Owning a pet brings a great deal of pleasure and whilst you will
want yours to have a long, healthy and happy life, it is almost
inevitable that your dog will need vaccinations or other forms of
veterinary treatment at some point.
Veterinary practices and dog vaccinations
Puppies need to be taken to a vet for a health check and
registered with the practice. Your vet will advise you on
vaccinations, worming, microchipping and health issues. Puppies can
receive their first vaccination from approximately eight weeks, but
this will vary depending on the normal practice of your vet. Your
vet will start your puppy on a course of vaccinations against the
four main infectious diseases:
- Canine Distemper
All of these diseases can be fatal, so after its first course of
vaccinations, your puppy will need re-vaccinating annually.
Keep the dog vaccination certificates safe as you may need to
show them when at boarding kennels, dog training classes or if you
take your dog abroad. Until your puppy is fully vaccinated,
you should not take it anywhere where it might come into contact
with dogs or ground that may be infected, but you can take it out
in your arms or the car to get it used to different places and
Your puppy will also need regular worming and treatment for
fleas and ticks, so follow the advice of your vet. You may also
want to have your dog vaccinated against Kennel Cough. Your vet can
advise you on this.
Health checking your puppy
You need to check your puppy's body regularly for:
- grass seeds etc
You will also need to keep a check on its:
- dew claws
- and for testicular lumps
- or for mammary lumps
So get your puppy used to being gently touched all over and
examined on a daily basis. This could be built into your
regular grooming routine in order for you to regularly check for
any changes to your puppy that may need vet attention.
Treating fleas in puppies
Fleas are usually pretty hard to spot unless there is a massive
infestation and it's much easier to spot on white/pale coated dogs
that on darker coats. They are small reddish jumping insects (about
1mm in diameter) but more often you will see the evidence of fleas
like flea-dirts (the fleas's faeces) or signs associated with fleas
- hair loss
- scratching etc
One way of confirmation is by collecting flea-dirts on damp
cotton wool - if the cotton wool goes red then your puppy probably
If you suspect your puppy has fleas, firstly make an appointment
to have your puppy assessed by your vet to make sure it is fleas
before treating your dog, as some other diseases display similar
symptoms. Do not try treating the infestation at home as you
will just be wasting valuable time - time that the fleas are using
Shop bought flea products, flea combs, flea collars, baby
shampoo and even hand soap do not usually have any effect and may
not be suitable for young puppies, whereas treatment from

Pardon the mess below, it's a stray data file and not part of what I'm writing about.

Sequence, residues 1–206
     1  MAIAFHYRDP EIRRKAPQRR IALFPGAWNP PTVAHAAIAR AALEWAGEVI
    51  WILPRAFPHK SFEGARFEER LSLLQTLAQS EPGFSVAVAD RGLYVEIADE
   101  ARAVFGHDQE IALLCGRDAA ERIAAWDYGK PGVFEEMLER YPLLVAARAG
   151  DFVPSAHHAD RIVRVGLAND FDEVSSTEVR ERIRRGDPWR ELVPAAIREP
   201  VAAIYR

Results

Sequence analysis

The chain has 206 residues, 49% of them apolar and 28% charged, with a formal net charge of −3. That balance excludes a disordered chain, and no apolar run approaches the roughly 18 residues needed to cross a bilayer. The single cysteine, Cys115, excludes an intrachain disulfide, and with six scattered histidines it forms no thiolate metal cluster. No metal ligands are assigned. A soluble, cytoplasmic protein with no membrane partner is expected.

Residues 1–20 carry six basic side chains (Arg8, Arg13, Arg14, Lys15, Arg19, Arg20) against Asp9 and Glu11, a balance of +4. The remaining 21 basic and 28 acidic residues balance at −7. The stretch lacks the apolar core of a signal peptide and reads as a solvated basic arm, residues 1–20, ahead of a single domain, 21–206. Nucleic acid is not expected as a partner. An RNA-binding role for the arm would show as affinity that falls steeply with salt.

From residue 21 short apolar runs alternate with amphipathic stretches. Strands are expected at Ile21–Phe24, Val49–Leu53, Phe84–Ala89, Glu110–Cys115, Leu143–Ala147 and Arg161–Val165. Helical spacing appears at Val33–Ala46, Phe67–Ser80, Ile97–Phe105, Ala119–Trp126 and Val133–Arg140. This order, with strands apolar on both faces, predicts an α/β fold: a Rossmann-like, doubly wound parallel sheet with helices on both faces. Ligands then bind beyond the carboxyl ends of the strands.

your vet is much more effective and safe. You should also treat
your house by using a household spray, as well as vacuuming the
carpets, rugs and cleaning all the puppy's bedding.
Flea bites can quickly become infected painful areas of
self-trauma and intense itching and skin infections are notoriously
expensive to treat and can take some time to heal. As well as
skin infections, sometimes associated with fever, puppies can
become ittitated and depressed which will affect their
socialisation and sleep patterns.
Fleas can affect the whole household - other pets can become
infested, human members of your family will start to get bitten and
there is of course the expense of treating a flea infested house.
The early detection and preferably prevention of an infestation is
the key to keeping your puppy free of fleas.
additional information on common worms and flea control which will
also be helpful to know more about - from our Partners in Pet Nutrition -
Some common worms
There are different intestinal and other worms such as
hookworms, roundworms, whipworms, tapeworms and lungworms that can
affect your puppy's health. The worming treatment that your vet has
prescribed ensures your puppy is protected from these
Worming is recommended at two, four, eight and 12 weeks and then
monthly to keep your dog healthy and reduces the risk of worms
transferring from your dog to you, your family and
Many intestinal worms that infect dogs can cause zoonotic
diseases. Although the risk of contracting such infections is low,
it is important to remember that zoonotic diseases can be
transmitted from your pets to you and your family. Some parasites
can cause serious illness and children are especially susceptible
to zoonotic diseases.
Integrated flea control
- Adult fleas only account for 5% of the total flea
- The other 95% is made up of the eggs, larvae and pupae - they
remain hidden waiting to develop and jump onto the dog! For
the best flea protection, all dogs in a household should be treated
to stop the flea breeding cycle.
As a guide, an integrated flea-control program would consist
- A flea adulticide to kill adult fleas on your dog. Use it at
the start of a flea management program, then any time you notice
fleas on your dog.
- A flea protection treatment to break the flea lifecycle.
It stops adult fleas from producing viable eggs, and prevents flea
larvae from developing into adults. Use once a month, all year
- Cleaning measures such as frequent cleaning of floors and the
dog's bedding, to further reduce the environmental flea
If you are concerned, speak to your vet for further advice.